Small, Great Things is Picoult's BOOK ABOUT RACISM. Just like she has books about SEXUAL ASSAULT and RELIGION and MOTHERHOOD and SCHOOL SHOOTINGS. Small, Great Things is about a black OB nurse who is caring for the newborn of a white supremacist couple, who promptly insist that she not ever touch their son again. When the infant has a medical emergency while she is alone in the room with him, she hesitates to provide the life-saving care, and the boy dies. The white supremacists promptly demand her arrest, and legal mayhem ensues. The book is told from the alternating perspectives of the nurse, her white lawyer, and the white supremacist dad. I found all of them problematic as characters.
I'm going to just come clean now and say I did not finish the book. I got not quite half-way through and had to put it down. I also want to say up front that I appreciate what Picoult was trying to do by offering this story, and I was glad to see from the afterword that the book is well-researched, as are all of her books. But research is not a substitute for actual experiential knowledge and relationships, and it seems like Picoult could have benefitted from both before writing the novel. Her main character, Ruth, is a black woman who has done everything "right" to try to fit into "white" society. She doesn't see it that way, of course. She worked hard, got a good education, is always professional, and tries not to make waves in her predominately white workplace. Her sister, portrayed as the stereotypical "angry black woman", thinks she's a sell-out, and appears to be proven correct when Ruth's white employers and colleagues throw her under the bus once she is charged. But the way both she and her sister are portrayed leads me to believe that maybe Picoult doesn't actually know any black women, at least not well enough to realize how stereotypical her characters really are. Neither one of them felt authentic to me; they felt like shallow caricatures of real people. This is often a problem when an author tries to make one character represent an entire, diverse group of people. The truth is that issues of assimilation, respectability policing, classism, and interracial friendships are way more complex than they appear to be from this narrative.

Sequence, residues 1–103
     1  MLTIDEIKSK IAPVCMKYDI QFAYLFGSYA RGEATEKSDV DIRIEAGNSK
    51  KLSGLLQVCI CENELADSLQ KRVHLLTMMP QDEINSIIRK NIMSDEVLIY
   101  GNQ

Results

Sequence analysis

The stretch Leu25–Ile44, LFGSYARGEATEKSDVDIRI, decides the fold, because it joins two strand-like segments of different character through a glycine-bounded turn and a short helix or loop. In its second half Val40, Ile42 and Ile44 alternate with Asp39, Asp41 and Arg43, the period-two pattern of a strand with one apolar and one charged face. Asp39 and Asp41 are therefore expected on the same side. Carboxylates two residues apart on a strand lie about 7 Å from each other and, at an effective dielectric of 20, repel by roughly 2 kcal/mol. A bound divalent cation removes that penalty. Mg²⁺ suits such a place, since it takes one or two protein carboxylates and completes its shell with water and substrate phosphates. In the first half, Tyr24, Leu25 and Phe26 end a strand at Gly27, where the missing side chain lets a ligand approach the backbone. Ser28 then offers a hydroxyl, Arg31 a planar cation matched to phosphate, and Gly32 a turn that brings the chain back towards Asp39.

The white lawyer was also problematic for me. She is clearly the character Picoult herself most identified with, and felt the most true-to-life. But by making the lawyer's transformation to "woke" status so central to the narrative, it felt like once again centering the experiences of white folks in regards to racism, rather than creating a more nuanced representation of the black experience.
What finally caused me to close the book for good, though, were the chapters written from the point of view of the white supremacist. As a white woman married to a black woman, I have a slough of black in-laws, nieces, and nephews. It was just too painful for me to read the chapters describing the man's experiences in the white nationalist movement, knowing that those people exist in the same world as my precious family. I know there is a benefit to us as a society by exploring white hate groups; you can't fight what you don't understand. But to be honest, I was not at all interested in reading the justifications for hatred and racial violence that made up the early chapters of this character's narrative. He seemed to be portrayed as some hapless dupe who fell into the movement due to a troubled past, and while that may be true of some who make up the white nationalist movement, the truth is that the leadership is invested in fomenting racial tension to manipulate their followers for their own enrichment and power. I could not find it in myself to see the man as a sympathetic character. Maybe that's my own character flaw, but there it is.
All of those criticisms aside, I know that Picoult was trying in her slightly inept way to bring light to important societal issues. I will probably read more of her books. I am a believer that a clumsy attempt at doing the right thing is better than no attempt at all. I just hope that Picoult continues to learn about the experiences of people of color in America, preferably by building relationships and listening to black voices, and comes to a more nuanced understanding than is evident here.